Only one hand raised. I asked her where she buys her comics. She said, “At the comic book store.”

"Do you have a comic book store you like going to?" I asked.

She hesitated. “It’s complicated.”

That’s 10 year-old speak for “I have to go there to get comics but the store makes me uncomfortable.” The rest of them read webcomics. None of them had heard of Comixology before, but they knew all about it by the time the panel was over. What comic would they like to see most? Minecraft. Only Steve needs to be a girl.

It was a fascinating experience, especially in the wake of this article detailing why girls in the 1980s (like me and one of the moms nodding eagerly in the audience) stopped buying comics for 20 years.

The future of comics is bright indeed.

This is absolutely wonderful.

mondegreener:

on our WWII quiz one of the questions was “how many estimated deaths came from World War II?” and i put “at least 12” and my teacher marked it correct

Me: Heyyyy baby *hugs cat*

Cat: *paws me*

Cat: *bites me*

Cat: *kicks me*

Cat: *scratches me*

Cat: *runs away immediately*

Me:

Me: *looks down the bleeding hands*

Me: Cats are

Me: the best

Anonymous asked
I need some advice? Uh, so I'm kind of a big deal (I have a reputation to hold up, I'm kind of like a huge jock) except I really like this girl. I met her new years at this party (we sang some karaoke it was embarrasing I guess) but that's not the point. There's this musical at my school and she wants us to do it together (again reputation) and I know I'd enjoy it esp w her but then there's also this blonde chick and her gay brother who I'm pretty sure both have crushes on me and what do I do?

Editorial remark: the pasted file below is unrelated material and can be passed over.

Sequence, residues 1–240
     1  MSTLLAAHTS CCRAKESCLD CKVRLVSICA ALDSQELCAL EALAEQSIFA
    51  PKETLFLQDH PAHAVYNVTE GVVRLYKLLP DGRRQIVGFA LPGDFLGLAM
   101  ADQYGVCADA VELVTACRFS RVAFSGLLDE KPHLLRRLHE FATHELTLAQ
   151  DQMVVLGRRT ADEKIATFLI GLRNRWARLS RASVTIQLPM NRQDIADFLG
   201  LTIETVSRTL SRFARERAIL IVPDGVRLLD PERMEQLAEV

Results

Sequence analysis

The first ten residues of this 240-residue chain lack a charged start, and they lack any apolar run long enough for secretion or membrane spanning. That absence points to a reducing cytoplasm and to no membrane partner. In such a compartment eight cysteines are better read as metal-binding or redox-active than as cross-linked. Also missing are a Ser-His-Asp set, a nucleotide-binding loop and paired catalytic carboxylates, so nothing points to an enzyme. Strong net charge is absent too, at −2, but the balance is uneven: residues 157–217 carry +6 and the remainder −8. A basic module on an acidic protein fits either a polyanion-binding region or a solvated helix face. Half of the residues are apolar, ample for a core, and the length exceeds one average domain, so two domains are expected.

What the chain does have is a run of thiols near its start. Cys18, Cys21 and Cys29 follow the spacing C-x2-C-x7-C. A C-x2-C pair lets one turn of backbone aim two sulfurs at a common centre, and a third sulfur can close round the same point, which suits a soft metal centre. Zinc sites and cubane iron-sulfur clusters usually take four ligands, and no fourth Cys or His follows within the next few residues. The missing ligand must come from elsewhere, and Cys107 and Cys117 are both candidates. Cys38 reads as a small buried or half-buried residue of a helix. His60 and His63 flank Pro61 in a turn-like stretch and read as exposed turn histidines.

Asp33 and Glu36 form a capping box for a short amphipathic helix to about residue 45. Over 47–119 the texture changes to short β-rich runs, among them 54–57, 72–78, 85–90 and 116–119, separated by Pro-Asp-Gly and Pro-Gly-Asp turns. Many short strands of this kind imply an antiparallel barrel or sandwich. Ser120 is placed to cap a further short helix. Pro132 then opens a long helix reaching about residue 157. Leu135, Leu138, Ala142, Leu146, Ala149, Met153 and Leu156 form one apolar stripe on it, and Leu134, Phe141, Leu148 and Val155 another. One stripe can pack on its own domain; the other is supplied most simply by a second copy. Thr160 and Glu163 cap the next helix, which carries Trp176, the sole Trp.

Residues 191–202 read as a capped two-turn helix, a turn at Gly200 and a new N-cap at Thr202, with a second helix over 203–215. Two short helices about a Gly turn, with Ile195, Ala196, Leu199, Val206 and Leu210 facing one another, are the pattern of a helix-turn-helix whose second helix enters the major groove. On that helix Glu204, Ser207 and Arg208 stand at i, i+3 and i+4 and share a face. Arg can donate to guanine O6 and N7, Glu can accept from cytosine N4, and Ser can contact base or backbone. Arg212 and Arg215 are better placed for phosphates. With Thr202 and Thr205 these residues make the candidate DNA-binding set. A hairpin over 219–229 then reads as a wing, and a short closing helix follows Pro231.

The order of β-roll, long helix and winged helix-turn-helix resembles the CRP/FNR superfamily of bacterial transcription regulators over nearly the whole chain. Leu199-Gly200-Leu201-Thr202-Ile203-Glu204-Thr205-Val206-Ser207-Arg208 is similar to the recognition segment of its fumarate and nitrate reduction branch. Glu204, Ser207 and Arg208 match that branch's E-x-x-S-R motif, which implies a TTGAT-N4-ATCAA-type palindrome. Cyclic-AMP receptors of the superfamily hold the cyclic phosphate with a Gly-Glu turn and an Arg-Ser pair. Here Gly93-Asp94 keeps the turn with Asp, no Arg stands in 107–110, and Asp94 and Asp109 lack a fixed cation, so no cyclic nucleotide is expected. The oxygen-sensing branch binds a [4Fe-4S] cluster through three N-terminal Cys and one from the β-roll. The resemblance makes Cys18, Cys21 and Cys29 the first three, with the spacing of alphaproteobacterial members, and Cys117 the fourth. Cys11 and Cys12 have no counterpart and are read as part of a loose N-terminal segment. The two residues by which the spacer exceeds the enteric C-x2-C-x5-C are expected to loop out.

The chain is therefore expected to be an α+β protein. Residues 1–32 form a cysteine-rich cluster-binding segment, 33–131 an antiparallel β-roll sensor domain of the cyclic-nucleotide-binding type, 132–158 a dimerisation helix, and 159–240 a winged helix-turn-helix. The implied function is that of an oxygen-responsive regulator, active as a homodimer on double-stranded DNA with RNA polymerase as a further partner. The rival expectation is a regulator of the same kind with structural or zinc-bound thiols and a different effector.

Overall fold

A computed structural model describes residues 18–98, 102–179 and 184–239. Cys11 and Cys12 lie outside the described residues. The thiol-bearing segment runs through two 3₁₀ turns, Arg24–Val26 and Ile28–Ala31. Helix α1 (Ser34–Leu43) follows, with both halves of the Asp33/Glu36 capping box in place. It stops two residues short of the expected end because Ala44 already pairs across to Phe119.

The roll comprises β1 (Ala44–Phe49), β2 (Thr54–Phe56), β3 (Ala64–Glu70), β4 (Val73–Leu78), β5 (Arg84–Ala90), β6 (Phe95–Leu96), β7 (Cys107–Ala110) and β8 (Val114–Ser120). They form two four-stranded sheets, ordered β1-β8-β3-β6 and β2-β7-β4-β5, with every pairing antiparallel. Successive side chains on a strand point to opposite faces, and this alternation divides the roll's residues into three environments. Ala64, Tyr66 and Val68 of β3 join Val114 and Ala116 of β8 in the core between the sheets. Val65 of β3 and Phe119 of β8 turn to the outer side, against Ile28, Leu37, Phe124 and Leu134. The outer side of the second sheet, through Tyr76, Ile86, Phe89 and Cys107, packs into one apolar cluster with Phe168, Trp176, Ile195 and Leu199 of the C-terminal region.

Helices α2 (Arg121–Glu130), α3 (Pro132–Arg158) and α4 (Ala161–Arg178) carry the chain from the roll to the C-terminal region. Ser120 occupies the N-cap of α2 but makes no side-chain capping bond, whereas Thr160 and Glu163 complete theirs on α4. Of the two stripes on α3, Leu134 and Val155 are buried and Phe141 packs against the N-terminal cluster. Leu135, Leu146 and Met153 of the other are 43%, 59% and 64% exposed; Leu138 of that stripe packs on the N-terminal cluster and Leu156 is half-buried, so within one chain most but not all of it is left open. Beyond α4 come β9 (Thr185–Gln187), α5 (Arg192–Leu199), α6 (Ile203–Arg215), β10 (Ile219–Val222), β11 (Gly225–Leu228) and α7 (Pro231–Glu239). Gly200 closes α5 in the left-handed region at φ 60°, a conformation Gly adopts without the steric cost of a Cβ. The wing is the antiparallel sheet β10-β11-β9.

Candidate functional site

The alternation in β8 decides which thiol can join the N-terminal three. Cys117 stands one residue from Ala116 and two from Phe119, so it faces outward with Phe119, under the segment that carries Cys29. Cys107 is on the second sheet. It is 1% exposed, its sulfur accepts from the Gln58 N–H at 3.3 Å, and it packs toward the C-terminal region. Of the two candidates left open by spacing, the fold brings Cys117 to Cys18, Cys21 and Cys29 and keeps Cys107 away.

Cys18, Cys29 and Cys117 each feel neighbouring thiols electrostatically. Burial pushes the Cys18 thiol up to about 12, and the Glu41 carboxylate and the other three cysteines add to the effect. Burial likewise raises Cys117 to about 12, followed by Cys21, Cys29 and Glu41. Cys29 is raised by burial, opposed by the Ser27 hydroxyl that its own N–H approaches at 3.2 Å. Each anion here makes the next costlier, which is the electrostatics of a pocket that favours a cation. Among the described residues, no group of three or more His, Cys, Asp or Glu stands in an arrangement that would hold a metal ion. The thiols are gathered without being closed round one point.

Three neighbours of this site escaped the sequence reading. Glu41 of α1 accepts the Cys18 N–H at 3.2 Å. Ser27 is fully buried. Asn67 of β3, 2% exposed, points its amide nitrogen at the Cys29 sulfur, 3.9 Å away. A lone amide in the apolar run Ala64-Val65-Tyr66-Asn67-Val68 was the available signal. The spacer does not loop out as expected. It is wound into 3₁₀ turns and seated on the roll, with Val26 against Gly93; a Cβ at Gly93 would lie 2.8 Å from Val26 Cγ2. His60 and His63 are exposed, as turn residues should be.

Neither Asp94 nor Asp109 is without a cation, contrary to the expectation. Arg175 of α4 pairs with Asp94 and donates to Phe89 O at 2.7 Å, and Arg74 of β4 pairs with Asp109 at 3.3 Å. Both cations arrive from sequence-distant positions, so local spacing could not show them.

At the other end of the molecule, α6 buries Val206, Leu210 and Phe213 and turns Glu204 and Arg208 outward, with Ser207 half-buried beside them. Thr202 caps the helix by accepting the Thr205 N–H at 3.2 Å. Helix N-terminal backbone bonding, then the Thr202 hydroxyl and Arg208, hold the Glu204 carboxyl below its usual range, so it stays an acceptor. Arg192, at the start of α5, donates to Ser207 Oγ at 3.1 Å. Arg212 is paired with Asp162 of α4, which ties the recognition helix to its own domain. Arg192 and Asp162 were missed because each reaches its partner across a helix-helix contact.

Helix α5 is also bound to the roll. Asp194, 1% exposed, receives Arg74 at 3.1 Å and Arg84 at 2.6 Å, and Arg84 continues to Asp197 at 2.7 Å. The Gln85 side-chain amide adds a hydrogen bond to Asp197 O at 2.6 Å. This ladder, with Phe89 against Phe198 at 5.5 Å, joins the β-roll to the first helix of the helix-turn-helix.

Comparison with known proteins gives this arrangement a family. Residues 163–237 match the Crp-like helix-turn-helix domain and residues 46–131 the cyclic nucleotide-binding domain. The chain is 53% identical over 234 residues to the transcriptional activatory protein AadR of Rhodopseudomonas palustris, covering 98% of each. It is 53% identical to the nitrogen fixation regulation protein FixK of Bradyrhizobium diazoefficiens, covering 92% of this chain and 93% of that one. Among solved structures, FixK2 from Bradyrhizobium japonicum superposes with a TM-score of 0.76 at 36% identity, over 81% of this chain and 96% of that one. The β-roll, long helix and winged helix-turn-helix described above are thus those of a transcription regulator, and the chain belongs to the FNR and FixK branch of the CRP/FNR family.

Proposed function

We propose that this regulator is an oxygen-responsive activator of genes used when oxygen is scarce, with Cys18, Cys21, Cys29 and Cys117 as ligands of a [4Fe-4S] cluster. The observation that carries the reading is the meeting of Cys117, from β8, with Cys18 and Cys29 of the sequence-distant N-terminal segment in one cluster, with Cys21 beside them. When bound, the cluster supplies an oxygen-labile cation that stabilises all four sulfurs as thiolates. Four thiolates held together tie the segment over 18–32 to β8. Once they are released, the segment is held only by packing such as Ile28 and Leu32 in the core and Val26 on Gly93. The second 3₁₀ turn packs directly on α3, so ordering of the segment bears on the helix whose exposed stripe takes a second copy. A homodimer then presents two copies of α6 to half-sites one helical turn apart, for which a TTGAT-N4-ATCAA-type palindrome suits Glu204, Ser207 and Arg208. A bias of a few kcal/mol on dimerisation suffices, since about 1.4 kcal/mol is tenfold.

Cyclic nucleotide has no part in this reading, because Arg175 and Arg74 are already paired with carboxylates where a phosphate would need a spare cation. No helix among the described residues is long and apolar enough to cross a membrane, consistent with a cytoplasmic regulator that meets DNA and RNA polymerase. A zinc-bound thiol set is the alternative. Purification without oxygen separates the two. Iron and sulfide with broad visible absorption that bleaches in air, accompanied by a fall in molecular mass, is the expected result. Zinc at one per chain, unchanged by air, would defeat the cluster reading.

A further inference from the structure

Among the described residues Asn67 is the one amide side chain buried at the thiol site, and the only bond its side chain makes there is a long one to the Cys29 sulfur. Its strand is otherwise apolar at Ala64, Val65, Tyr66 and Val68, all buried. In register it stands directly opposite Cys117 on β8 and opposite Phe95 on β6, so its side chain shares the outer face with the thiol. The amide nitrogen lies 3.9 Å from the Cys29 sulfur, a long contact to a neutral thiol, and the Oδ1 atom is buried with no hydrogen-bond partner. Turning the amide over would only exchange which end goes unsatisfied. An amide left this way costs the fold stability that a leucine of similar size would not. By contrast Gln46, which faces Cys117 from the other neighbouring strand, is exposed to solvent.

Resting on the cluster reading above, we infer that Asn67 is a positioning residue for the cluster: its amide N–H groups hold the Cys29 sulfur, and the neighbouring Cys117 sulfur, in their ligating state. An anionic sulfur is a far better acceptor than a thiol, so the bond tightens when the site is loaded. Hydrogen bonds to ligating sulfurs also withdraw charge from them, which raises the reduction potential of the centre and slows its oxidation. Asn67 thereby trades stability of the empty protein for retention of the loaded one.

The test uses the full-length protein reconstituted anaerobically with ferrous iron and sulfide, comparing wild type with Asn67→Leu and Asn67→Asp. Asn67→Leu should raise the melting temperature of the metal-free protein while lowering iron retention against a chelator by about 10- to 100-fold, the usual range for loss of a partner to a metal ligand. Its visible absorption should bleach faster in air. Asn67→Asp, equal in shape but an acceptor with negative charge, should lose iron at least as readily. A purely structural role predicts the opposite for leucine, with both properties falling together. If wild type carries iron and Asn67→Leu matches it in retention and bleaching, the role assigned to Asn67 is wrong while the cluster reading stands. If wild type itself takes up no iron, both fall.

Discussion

assbutt-in-the-garrison:

assbutt-in-the-garrison:

Do what makes you happy. Trust me. After high school, you’re going to deeply regret it if you look back and remember that you let the fear of your “reputation” hinder you from doing things you enjoy. At the end of the day, what ignorant bullshit people think or say about you does not matter. You HAVE to be yourself. You HAVE to participate in activities that make you HAPPY. Do not, PLEASE, do NOT hold yourself back from being the amazing person you can be, or participating in activities you love, or dating a person you like, all just because you are worried about a certain image you feel pressured to maintain. Don’t sacrifice any part of yourself for others. True friends will like you for you, accept you for you, and after high school is all said and done, whatever your “reputation” once was, won’t matter anymore… 

wait

ghostypajamas:

nonbinary people who are okay with gendered pronouns/names are still nonbinary and if a nonbinary person tells you they’re okay with gendered pronouns then it’s really not your place to say that their gender identity is less valid because of that, even if you yourself are nonbinary. Gender is different for everyone and there’s no “valid way” to be a certain gender the only validation you need is your own.

(Source: rairatrio)